The spies first ingratiated themselves to Jesus with an ingenious complement. "Teacher, we know that you speak and teach what is right and that you do not show partiality but teach the way of God in accordance with the truth."  Next, they attempted to pin Jesus in a corner where He would offend either the Roman authorities or the people.  "Is it right for us to pay taxes to Caesar or not?" 

        His answer stands as a great benchmark of wisdom that has stood twenty centuries. "Show me a denarius. Whose portrait and inscription are on it?" 

        "Caesar's," they replied. 

         "Then give to Caesar what is Caesar's, and to God what is God's."  They were unable to trap him in what he had said there in public. And astonished by his answer, they became silent.

        There is a great deal that we might read into this statement.  But I want to lift for you the plainest and simplest reading.  Jesus says to give or render to Caesar that which is Caesar's.  The word in Greek word means to pay back or recompense what is owed.

       Taxes are to be rendered to Rome.  Paul wrote Romans 13:7, “Give everyone what you owe him: If you owe taxes, pay taxes; if revenue, then revenue; if respect, then respect; if honor, then honor.   Jesus was not a Roman citizen but Paul was.  Both saw the importance of government.”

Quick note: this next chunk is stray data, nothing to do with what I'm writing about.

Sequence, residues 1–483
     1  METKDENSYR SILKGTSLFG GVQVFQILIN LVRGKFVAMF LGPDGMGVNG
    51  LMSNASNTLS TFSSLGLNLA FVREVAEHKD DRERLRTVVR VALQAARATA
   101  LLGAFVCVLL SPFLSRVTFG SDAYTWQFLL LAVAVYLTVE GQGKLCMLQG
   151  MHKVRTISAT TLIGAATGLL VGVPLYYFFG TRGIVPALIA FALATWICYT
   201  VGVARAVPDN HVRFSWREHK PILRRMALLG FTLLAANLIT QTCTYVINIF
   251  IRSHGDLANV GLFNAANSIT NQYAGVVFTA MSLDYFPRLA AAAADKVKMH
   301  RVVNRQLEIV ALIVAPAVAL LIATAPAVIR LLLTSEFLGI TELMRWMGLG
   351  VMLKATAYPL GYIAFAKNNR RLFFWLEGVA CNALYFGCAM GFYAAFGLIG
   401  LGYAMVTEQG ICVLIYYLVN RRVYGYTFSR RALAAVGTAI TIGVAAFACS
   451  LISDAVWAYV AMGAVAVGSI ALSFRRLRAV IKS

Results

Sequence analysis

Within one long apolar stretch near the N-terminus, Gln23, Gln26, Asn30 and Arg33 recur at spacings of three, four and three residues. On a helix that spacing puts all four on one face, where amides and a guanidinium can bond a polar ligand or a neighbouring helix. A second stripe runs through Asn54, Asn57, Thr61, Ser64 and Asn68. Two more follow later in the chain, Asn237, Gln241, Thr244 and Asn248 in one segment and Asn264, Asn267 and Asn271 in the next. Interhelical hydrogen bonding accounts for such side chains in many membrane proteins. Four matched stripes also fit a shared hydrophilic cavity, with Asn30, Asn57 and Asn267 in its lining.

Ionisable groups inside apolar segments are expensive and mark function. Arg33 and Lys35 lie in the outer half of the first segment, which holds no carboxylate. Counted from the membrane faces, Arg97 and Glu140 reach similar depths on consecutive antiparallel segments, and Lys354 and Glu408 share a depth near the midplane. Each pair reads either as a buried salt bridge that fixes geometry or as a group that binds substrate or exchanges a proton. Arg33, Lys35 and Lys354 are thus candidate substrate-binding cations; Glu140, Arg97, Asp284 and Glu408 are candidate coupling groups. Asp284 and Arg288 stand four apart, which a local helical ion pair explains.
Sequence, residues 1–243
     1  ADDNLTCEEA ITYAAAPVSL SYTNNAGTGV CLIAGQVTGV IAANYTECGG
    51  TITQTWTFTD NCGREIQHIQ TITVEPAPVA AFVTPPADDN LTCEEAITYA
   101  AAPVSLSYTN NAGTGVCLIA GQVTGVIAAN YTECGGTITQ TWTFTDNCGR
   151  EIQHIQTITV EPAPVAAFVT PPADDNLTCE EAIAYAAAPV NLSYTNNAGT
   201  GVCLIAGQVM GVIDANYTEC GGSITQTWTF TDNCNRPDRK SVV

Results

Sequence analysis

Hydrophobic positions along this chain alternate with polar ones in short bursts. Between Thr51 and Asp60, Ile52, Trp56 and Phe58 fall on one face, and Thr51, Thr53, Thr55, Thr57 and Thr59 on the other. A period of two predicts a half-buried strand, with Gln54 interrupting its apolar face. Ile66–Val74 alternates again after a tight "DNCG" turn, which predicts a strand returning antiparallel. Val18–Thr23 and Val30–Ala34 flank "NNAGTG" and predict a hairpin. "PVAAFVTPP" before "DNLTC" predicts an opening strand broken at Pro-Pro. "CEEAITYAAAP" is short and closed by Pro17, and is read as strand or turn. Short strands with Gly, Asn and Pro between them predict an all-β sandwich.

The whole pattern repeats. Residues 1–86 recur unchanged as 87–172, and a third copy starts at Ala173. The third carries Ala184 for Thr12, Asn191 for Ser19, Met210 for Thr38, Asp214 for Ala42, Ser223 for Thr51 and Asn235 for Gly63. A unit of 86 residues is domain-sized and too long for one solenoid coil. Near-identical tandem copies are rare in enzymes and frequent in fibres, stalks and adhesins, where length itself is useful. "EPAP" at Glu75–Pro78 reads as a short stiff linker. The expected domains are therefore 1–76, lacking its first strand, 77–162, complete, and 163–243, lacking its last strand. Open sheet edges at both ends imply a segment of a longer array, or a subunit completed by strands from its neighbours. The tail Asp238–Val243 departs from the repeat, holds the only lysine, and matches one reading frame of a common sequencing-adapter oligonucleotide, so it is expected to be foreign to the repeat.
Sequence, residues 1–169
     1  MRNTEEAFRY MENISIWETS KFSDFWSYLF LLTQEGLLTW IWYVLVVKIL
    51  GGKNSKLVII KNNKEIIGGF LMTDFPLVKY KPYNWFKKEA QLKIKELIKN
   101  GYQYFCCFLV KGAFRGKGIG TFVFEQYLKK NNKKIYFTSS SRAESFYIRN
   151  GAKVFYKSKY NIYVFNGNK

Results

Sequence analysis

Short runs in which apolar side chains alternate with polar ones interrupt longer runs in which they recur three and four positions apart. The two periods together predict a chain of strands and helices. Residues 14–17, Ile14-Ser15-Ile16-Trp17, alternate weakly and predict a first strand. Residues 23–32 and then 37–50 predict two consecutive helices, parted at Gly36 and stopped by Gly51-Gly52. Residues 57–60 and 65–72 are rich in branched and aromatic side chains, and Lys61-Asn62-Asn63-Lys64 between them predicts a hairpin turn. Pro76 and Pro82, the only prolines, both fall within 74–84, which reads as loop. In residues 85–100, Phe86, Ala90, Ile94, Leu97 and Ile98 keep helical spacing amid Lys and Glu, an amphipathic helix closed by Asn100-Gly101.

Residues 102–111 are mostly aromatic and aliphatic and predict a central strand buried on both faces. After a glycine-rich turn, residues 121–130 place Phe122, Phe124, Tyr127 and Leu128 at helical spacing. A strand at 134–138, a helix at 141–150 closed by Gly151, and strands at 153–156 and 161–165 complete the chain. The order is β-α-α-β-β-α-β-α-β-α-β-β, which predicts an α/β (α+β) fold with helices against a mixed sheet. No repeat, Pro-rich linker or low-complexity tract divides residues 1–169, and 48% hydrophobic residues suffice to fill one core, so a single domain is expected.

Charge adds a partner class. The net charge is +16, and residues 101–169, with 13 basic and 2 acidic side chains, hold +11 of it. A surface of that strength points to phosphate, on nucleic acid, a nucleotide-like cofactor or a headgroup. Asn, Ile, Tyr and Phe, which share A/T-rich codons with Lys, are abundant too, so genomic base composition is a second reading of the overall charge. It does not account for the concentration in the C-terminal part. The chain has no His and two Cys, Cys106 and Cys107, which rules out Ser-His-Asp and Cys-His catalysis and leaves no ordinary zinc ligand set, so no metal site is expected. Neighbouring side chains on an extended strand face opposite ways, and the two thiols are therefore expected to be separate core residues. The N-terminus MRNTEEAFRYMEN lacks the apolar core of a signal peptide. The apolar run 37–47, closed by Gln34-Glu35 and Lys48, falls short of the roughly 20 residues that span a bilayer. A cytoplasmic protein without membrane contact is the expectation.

If we read the Gospels carefully, we learn that Jesus was not terribly political.  For Jesus, the Kingdom of God was far more important than the kingdom of Rome.  The focus of Jesus was not on overthrowing Rome or setting right the political evils of the world.  Jesus would not be tempted into attacking Rome.  His very entry into Jerusalem made a clear statement to Rome that He came in humility, so far as they were concerned, riding on a donkey. Getting into a dispute over Rome and taxes would not have been very productive.  Jesus was about Kingdom issues.

        Jesus indicated that governments have the right to exist and people should honor and contribute. Governments, even pagan governments, should expect their citizens to support and participate in government.  Clearly, Jesus did not excuse the people of God from taxes.  Our citizenship is in heaven. And we eagerly await a Savior from there, the Lord Jesus Christ, who, by the power that enables him to bring everything under his control, will transform our lowly bodies so that they will be like his glorious body (Philip. 3:20-21).  Still, we are called to render to the government what is owed to it.